This book was far too long. I am aware that this is a Rivers trait and actually the books that I have previously enjoyed were also long but held my interest.

The main characters were both selfish particularly the husband. The author is clearly making the point that it takes two to cause problems in a marriage and that blaming each other rather than working towards reconciliation is not the Christian response. I agree with this to a certain degree. However, I feel that she goes too far--the husband uproots his family against the wishes of his wife to pursue his selfish dreams. He forces them into a materially wealthy social group that she isn't ready for and begins spending more and more time at work, he ignores her requests to discuss things, his behaviour just gets worse and worse.....I won't ruin the storyline but I think in this case the author has unfortunately made a case for women to allow themselves to be treated like doormats. AND then to take all of the responsibility for the problems.

The Christian message was also somewhat lost. Some of the characters experience something of a conversion which seems to be about falling in love with Jesus rather than understanding the truth of the Gospel. There is no clear repentance or turning away from sin although the characters do refer to changes due to their belief in God. There is also a section about God being found through Catholicism (as well as Protestantism)--it almost reads as if we can get to God any way we like as long as we are sincere. It is not clear that the only way is through Jesus and His death on the cross.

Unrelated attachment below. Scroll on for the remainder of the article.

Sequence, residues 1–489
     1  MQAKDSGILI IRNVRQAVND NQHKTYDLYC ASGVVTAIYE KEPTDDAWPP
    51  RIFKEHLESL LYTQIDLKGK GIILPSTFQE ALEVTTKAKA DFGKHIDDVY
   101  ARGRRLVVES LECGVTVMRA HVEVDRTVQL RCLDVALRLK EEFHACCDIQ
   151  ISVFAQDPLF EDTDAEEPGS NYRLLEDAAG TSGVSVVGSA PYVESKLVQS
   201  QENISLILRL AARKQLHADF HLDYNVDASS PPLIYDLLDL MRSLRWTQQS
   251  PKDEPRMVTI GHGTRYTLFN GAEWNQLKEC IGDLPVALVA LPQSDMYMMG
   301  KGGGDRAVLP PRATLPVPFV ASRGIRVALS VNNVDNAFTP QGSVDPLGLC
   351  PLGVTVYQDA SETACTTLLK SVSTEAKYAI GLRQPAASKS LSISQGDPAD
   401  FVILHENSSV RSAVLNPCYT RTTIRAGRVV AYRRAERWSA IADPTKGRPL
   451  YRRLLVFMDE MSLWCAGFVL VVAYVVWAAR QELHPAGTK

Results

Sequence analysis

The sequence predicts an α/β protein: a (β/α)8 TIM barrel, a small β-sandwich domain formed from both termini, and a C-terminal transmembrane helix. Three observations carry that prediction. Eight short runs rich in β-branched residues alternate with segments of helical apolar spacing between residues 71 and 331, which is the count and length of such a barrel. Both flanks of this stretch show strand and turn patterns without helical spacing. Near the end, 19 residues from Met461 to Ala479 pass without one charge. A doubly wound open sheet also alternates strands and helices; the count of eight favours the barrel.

I didn't read the part about a character suggesting that someone who had died may have been saved without knowing jesus due to being sincere which I read in another review...I would have objected to that as well.

I don't recommend this as it is so long and full of arguing back and forth. I wouldn't describe it as profitable or edifying. In a way it reminded me of the Christian movie Fireproof which I do recommend. But in both I don't think the heart issues will be as easily resolved in real life as they seem to be in fiction. The only good point the book made really was that giving up on a marriage isn't the solution and that all things can be worked through with God's help.

There is no bad language, very limited non-graphic violence and some romantic scenes which are not graphic but may make some uncomfortable. ( )
  sparkleandchico | Jun 2, 2017 |
This is a great Book. I have given it to many people to read. ( )
  ChildofGod | Dec 11, 2015 |
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"To Sue Habn, Fran Kane, and Donzella Schlager...my traveling companions."
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Sierra Clanton Madrid couldn't stop shaking.
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(Click to show. Warning: May contain spoilers.)
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When Sierra discovers her young ancestor's handcrafted quilt and reads her journal, she finds that their lives are very similar. By following her ancestor's example, she learns to surrender to God's sovereignty and unconditional love.